Lashing out at Pakistan for supporting terrorists in Afghanistan and Jammu and Kashmir, Afghan Interior Minister Younous Qanooni on Friday said Islamabad's policy of interference in his country had failed with the fall of Kandahar, the last stronghold of the Taliban.
"The Government of Pakistan should know that its policy of terrorism in Afghanistan has failed, as also in other places. This is the time for Islamabad to review its strategy of the past," Qanooni, who arrived in New Delhi on Thursday night, told reporters after a 45-minute meeting with External Affairs Minister Jaswant Singh.
Qanooni is the first Afghan leader to visit India after the power sharing accord among the four Afghan factions near Bonn, Germany, earlier this week.
The Afghan minister said many of the Taliban fighters were from Pakistan. "Many of them from Pakistan are still there in Afghanistan."
Assuring Kabul of unconditional support for the reconstruction of the war-ravaged country, Singh said India remained committed to the restoration of lasting peace and amity in Afghanistan.
About New Delhi's view on the proposed peacekeeping force in Afghanistan, Singh said any decision on this would be taken by the Afghan interim administration.
Asked about his plans to visit Afghanistan, Singh said he would do so "at the right time. It will be an honour to go to Afghanistan".
Qanooni said the new set up would further consolidate all areas of cooperation with India.
Lauding India for its "timely help", he said, "I am happy to be here among friends. The People in Afghanistan will never forget the assistance extended by India when my country was facing a bad time."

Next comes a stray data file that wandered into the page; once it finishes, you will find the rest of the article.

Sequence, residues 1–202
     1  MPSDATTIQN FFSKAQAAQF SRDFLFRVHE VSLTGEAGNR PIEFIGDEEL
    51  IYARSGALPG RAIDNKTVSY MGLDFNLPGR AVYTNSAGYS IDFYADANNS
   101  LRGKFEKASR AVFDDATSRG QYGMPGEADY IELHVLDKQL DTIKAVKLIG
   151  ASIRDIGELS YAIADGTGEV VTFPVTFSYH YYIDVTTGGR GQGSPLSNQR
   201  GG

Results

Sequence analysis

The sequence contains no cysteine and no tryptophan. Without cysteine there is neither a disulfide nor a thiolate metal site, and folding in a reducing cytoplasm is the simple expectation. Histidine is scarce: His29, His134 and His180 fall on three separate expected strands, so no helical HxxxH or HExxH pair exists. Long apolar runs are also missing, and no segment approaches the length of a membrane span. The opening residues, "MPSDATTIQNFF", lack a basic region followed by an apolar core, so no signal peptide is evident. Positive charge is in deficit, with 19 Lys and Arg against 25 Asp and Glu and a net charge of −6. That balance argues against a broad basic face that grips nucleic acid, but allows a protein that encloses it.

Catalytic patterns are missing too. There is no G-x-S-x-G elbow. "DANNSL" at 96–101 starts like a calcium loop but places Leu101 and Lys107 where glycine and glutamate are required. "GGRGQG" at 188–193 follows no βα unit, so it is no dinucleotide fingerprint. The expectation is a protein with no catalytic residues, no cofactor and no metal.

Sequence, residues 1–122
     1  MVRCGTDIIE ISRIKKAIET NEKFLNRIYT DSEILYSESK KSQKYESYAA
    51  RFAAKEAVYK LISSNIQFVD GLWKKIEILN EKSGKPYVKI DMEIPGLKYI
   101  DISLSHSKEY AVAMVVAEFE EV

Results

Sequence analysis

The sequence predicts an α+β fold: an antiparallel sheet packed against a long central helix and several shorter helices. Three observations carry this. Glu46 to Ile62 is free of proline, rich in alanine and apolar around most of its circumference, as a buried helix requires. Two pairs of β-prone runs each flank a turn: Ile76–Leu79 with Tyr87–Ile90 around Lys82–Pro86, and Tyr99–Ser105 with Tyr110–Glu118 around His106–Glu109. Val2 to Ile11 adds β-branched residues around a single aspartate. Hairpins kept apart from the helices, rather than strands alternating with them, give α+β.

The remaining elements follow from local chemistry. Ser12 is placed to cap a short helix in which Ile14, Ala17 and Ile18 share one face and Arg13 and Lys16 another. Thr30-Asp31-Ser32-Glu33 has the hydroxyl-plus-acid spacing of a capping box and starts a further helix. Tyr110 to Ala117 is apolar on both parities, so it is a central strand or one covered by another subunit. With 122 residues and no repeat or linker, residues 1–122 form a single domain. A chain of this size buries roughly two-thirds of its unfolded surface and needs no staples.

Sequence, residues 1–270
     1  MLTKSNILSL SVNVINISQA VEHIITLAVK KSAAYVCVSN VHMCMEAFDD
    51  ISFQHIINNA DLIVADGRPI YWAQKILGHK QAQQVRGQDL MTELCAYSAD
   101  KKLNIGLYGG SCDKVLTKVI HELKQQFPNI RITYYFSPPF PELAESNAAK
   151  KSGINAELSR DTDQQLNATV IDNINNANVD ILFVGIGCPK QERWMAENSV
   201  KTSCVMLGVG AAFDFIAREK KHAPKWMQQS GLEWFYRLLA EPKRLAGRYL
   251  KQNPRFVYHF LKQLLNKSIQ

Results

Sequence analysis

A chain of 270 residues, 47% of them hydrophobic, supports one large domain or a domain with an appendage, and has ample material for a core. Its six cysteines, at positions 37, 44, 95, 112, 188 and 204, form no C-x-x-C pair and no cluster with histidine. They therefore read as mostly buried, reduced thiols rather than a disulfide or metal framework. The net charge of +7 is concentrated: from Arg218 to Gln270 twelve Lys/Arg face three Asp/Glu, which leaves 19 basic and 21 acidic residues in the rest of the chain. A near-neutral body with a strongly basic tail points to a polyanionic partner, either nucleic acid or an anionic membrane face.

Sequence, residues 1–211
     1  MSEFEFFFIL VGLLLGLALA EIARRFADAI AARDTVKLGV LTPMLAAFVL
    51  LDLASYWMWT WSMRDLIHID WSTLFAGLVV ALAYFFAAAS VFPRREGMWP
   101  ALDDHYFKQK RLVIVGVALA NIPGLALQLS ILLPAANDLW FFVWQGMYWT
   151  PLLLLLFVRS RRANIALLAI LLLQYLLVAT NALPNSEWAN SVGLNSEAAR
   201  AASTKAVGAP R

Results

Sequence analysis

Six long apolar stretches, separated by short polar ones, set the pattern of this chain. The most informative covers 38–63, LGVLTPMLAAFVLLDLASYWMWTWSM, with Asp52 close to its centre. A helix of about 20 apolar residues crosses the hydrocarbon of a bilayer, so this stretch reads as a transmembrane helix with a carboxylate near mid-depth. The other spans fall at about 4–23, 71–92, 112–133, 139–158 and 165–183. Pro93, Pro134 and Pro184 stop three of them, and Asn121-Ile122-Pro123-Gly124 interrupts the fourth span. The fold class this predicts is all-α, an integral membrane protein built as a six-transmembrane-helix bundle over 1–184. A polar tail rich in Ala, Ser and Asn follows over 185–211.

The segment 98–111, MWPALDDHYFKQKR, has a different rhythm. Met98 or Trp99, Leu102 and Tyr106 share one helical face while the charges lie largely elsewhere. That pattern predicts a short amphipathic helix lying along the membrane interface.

The minister hoped that countries, which had joined the international coalition against terrorism in Afghanistan, would come forward in equal earnest for the reconstruction of the country.
Qanooni, who also had a 30 minute meeting with Home Minister Lal Kishenchand Advani, sought to downplay the reported differences between former Afghan president Burhanuddin Rabbani and Uzbek militia leader Abdul Rashid Dostum, saying both leaders had agreed with the decisions taken in Germany.
"Minor differences here or there will be sorted out soon," he said.
Later, Advani told reporters that he had assured all help to Afghanistan
He said that the visiting Afghan minister had sought help in every sphere, including policing and maintaining of law and order.
The home minister said that the new interim government of Afghanistan had a daunting task ahead, but expressed hope that the "Afghan people will now breathe in a free air".
Afghan interior minister in New Delhi
The Complete Coverage: The US War in Afghanistan
The Complete Coverage: The Attacks on US Cities
Tell us what you think of this report